Open Session

Last week, we looked at the adventure we will be using to start our campaign – Zanzer’s Dungeon from the Black Box “New Easy to Master” Dungeons and Dragons boxed set released back in the 1990’s.

As we discovered, the adventure is split into four parts, each increasing the complexity of the game until, in part four, the players were using the full basic Dungeons and Dragons rules. Because the adventure is already split into parts, we can use these parts to define our own sessions.

Now, we get to the final step for starting any game – planning for our first session. This initial session helps set the tone of the game, and many players will base their entire opinion of a campaign based on the first session.

The first session also helps the players bond with their characters, and in many cases, the campaign may include a “Session 0” or campaign and character creation session, where the players get together and form the basic of their party, and what their characters would already know. The GM is usually on hand to help the players become integrated with the campaign.

Luckily for us, Zanzer’s Dungeon dispenses with the need for any sort of session 0. The party are semi-blank slates from which the players can get straight into the game and start playing. They play characters imprisoned within Zanzer’s dungeon, destined to become slaves in the mines unless they can escape. These characters are simply names with one-line basic descriptions, and the players get to develop their character over the first three parts of the adventure, as they learn about combat, classes, equipment, and magic.

Learning to Roleplay

The first part focuses on teaching the players the principles of roleplaying and Dungeons and Dragons, and introduces their first few combats. At this point, the PCs are unarmed and unarmoured, and they don’t even have classes at this point. The focus is on their basic abilities, which have remained largely unchanged since the early versions of the game.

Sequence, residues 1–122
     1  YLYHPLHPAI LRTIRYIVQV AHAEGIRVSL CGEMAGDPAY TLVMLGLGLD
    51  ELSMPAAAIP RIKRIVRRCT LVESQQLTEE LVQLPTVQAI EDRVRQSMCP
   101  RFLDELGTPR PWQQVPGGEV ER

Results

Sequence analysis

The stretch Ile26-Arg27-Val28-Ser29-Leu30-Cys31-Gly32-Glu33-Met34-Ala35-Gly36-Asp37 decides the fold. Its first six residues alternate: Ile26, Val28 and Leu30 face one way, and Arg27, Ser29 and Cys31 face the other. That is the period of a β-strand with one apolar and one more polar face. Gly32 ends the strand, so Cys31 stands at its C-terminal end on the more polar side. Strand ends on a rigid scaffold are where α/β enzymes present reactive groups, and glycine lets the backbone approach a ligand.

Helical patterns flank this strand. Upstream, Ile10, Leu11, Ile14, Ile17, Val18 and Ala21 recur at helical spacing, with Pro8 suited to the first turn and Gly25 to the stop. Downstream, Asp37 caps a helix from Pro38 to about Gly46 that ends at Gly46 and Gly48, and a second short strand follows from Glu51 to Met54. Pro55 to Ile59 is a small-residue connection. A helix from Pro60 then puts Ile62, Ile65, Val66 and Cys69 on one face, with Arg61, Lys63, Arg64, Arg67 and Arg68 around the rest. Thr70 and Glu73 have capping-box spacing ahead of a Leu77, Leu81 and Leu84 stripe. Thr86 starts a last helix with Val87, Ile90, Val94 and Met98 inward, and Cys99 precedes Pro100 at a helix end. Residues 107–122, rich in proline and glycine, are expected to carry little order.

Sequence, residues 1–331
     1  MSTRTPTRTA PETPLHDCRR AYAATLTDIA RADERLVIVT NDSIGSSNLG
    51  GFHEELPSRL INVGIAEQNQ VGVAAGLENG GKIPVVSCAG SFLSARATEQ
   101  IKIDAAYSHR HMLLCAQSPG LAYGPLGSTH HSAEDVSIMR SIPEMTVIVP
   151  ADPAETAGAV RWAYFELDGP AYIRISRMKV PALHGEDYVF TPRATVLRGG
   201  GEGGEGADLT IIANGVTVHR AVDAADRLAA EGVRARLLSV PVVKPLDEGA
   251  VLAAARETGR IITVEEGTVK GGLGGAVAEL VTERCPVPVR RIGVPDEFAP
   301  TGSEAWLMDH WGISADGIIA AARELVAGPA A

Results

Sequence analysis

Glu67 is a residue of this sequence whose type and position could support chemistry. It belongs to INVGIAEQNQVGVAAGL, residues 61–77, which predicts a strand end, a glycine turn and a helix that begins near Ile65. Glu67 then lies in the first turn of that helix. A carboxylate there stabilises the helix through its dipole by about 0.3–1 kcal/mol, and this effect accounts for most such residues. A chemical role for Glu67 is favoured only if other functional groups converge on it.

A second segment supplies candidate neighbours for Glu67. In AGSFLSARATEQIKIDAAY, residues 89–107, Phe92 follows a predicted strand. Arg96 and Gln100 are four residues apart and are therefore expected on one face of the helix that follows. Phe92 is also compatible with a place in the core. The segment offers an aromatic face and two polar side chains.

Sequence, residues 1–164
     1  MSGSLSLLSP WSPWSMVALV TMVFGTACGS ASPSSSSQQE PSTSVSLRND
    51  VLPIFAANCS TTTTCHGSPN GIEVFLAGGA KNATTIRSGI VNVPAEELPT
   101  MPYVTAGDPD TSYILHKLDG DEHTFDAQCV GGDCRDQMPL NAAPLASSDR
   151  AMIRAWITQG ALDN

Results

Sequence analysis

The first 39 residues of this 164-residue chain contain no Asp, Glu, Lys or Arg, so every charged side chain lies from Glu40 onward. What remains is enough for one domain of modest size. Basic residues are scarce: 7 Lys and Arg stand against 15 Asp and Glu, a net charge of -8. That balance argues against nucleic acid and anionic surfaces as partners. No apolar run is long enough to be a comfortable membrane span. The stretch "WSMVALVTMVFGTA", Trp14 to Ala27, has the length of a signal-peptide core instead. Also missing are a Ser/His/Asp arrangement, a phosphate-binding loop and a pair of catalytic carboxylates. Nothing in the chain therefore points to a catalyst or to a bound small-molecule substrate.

After an introduction to roleplaying games, the PCs wake up in a large cell in the centre of the dungeon. The players get to choose from one of eight names, which provides a basic description for the character. Nothing else is defined for them, leaving the characters as truly blank slates for the players.

After this, the PCs meet their first two NPCs, as Jerj the hobgoblin jailer escorts a prisoner called Axel into the cell. Axel is a bully, and claims dominion over the cell, because the PCs don’t look so tough. Here’s where the players determine their ability scores, and then engage in their first checks as they deal with Axel.

Following this scene, Axel angers Jerj, who goes off to get guards to take the party and Axel to the mines. This prompts the party and Axel to plan their escape. They get to confront Jerj, who brings some goblins with him to shackle the PCs.

Having escaped from the cell, the party (including Axel) get to explore a few rooms, facing off against a few other guards. The combat with the guards concludes the first part, and thus concludes our first session.

This is a fairly simple sequence of events, arranged in a somewhat linear path allowing new players to ease into what is potentially their first experience with the Dungeons and Dragons game.

Because Dungeons and Dragons gameplay hasn’t changed significantly since this adventure was released in the 1990’s, some 25 years ago, it’s fairly easy to adapt these simple scenes to the homebrew d20 system that we will be using in our campaign.

Session Outline

The outline above can be broken into four key scenes:

  • Choosing the PCs.
  • Dealing with Axel and Jerj.
  • Escaping the Prison Cell.
  • Further into the Dungeon.

The first scene sees the players choose their PCs for the adventure. This is a good time to introduce the principles of the campaign stable, so we can include ALL 8 of the initial characters, of which the players choose two each to run for this adventure.

The second scene has a few key features, but the most important is that it is at this point that the PCs determine their ability scores. In basic D&D, this was done by rolling 3d6 for each score – Strength, Dexterity, Constitution, Intelligence, Wisdom, and Charisma. These ability scores haven’t changed much over time, and the core of the d20 system sticks with these six scores, even as they move from random generation to deliberate choice.